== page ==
Health Ministry Approves Over-the-Counter Contraceptives
Japan’s health ministry has approved the sale of emergency contraceptives on a trial basis without a prescription. Now, those seeking an emergency contraceptive will not have to visit a clinic or hospital within the necessary seventy-two-hour time margin. These over-the-counter pills will be available through March of next year at pharmacies that have specially trained pharmacists, private rooms, and availability on weekends, nights, and holidays. Earlier this year, the government also approved abortion pills for terminating pregnancies up to nine weeks. Since abortions are not covered by public health insurance, medical professionals are advocating for increased accessibility to over-the-counter drugs to reduce the number of expensive abortions. From the end of December to January, the health ministry received public feedback of 46,312 comments, with the majority in favor of the trial sale. The Health, Labor, and Welfare Ministry noted that emergency contraceptives are available in about ninety countries without a prescription.
European Union Combats Violence Against Women
The European Union (EU) has ratified the Council of Europe Convention on preventing and combating violence against women and domestic violence (CETS No. 210). Informally known as the “Istanbul Convention,” the treaty has been signed by all EU Member States and ratified by the EU and thirty-seven of forty-six Council of Europe countries. The treaty creates a legal framework at the pan-European level to protect, prevent, and prosecute all instances of violence against women. To monitor implementation, the Convention has put together the Group of Experts on Action Against Violence Against Women, or GREVIO. “For us to live in a fair and equal European Union, women and girls must be able to live free from fear, violence, and everyday insecurity,” commented European Commissioner for Equality, Helena Dalli.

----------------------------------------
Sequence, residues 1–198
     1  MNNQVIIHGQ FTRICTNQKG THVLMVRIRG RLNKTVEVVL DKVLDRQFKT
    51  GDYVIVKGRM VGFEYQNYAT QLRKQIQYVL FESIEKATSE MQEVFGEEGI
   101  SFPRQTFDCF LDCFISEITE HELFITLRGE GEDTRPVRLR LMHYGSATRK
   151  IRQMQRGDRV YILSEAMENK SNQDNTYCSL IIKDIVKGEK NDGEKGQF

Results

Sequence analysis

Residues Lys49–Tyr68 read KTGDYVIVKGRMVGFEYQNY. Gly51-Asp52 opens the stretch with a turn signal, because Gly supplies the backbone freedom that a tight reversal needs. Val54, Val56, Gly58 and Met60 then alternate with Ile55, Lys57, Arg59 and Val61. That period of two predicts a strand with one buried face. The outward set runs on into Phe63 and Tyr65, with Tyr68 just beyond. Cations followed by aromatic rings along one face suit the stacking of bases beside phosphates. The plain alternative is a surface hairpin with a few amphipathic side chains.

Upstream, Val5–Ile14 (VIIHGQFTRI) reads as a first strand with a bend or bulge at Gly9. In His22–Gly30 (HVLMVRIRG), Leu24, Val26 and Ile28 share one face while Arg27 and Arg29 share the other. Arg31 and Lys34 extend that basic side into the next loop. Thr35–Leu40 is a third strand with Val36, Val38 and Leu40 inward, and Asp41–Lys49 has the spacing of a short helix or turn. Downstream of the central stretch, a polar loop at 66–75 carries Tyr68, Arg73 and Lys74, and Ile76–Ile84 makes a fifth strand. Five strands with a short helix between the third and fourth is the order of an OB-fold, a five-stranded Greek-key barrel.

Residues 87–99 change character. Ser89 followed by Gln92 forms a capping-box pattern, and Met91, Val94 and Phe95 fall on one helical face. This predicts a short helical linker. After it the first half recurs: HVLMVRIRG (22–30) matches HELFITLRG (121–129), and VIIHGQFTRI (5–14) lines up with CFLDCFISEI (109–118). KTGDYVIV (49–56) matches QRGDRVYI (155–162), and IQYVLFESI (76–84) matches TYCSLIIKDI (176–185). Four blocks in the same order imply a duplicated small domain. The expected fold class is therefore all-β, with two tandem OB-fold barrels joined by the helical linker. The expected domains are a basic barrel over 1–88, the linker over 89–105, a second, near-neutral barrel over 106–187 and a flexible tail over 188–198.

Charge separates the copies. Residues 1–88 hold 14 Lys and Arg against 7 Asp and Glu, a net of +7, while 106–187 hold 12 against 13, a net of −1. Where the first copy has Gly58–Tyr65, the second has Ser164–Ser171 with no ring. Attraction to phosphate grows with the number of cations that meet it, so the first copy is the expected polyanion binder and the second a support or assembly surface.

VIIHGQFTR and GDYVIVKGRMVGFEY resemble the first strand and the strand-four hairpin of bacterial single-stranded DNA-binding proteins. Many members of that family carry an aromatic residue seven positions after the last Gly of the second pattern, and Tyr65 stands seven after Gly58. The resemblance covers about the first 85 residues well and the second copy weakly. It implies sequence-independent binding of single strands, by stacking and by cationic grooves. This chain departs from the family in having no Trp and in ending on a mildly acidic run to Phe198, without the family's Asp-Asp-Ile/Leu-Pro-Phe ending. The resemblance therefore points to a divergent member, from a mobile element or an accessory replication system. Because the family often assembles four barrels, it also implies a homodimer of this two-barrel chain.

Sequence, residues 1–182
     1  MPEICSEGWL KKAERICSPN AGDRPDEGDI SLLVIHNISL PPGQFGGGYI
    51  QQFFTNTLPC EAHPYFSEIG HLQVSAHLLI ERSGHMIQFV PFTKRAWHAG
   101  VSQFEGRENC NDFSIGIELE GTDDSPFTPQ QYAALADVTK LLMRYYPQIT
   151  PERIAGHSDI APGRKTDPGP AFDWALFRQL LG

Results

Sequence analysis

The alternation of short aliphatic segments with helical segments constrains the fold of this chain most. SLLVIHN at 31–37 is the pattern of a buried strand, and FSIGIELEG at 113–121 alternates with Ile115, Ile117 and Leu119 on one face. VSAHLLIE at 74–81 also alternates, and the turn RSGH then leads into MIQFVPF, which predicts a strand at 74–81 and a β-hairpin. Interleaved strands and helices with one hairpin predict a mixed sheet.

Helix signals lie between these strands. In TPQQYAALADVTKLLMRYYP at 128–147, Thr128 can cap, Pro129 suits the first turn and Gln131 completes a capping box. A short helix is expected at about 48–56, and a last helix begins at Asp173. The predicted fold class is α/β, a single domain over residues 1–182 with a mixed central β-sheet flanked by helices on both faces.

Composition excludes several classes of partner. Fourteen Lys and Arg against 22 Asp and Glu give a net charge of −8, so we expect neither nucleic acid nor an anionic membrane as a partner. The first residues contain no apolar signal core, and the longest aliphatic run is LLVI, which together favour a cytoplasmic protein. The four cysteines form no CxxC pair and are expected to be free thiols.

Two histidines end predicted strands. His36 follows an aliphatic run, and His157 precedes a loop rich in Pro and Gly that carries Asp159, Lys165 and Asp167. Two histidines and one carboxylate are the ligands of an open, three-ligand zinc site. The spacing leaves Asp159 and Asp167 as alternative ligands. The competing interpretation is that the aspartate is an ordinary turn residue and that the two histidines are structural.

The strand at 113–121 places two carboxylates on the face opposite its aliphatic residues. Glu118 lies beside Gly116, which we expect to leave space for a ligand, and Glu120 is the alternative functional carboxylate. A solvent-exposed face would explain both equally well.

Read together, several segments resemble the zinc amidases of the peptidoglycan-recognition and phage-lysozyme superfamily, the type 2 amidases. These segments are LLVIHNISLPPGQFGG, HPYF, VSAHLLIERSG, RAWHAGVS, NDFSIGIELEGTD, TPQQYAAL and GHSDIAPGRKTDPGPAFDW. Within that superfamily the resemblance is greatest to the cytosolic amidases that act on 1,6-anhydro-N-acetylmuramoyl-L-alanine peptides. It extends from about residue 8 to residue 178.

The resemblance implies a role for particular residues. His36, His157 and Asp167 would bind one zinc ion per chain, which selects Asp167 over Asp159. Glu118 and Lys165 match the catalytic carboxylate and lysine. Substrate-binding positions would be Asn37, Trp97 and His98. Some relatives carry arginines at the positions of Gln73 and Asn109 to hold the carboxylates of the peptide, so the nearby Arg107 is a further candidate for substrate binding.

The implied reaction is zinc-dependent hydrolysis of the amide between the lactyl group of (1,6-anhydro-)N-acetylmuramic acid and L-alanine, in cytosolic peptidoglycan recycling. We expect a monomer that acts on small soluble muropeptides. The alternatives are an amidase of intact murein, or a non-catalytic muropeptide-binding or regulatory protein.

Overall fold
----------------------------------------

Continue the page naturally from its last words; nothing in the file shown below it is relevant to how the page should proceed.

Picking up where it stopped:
Female Leaders Emphasize Need for Women Landowners
On Desertification and Drought Day earlier this month, women leaders met at the United Nations (UN) General Assembly to recognize the importance of women as landowners as well as the disproportionate impact of droughts, land degradation, and desertification on women and girls. Hindou Oumarou Ibrahim, an Indigenous leader from Chad, delivered a stark warning: “Despite our innovation, despite the determination of the women of my community to preserve ecosystems to block the desert, despite our collective efforts to save and share water, our land is dying.” This meeting was preceded by a UN report by the Food and Agriculture Organization (FAO) that showed improvement in the rate of women’s landownership among most countries in Sub-Saharan Africa. Yet despite these improvements, the Kenya country representative for FAO emphasized that much work remains to be done, noting that “the condition under which women participate and work in agrifood systems are often unequal. There is a gap in women accessing resources and assets as well as discriminatory social norms and policies which, if not addressed, may slow the realization of food security.”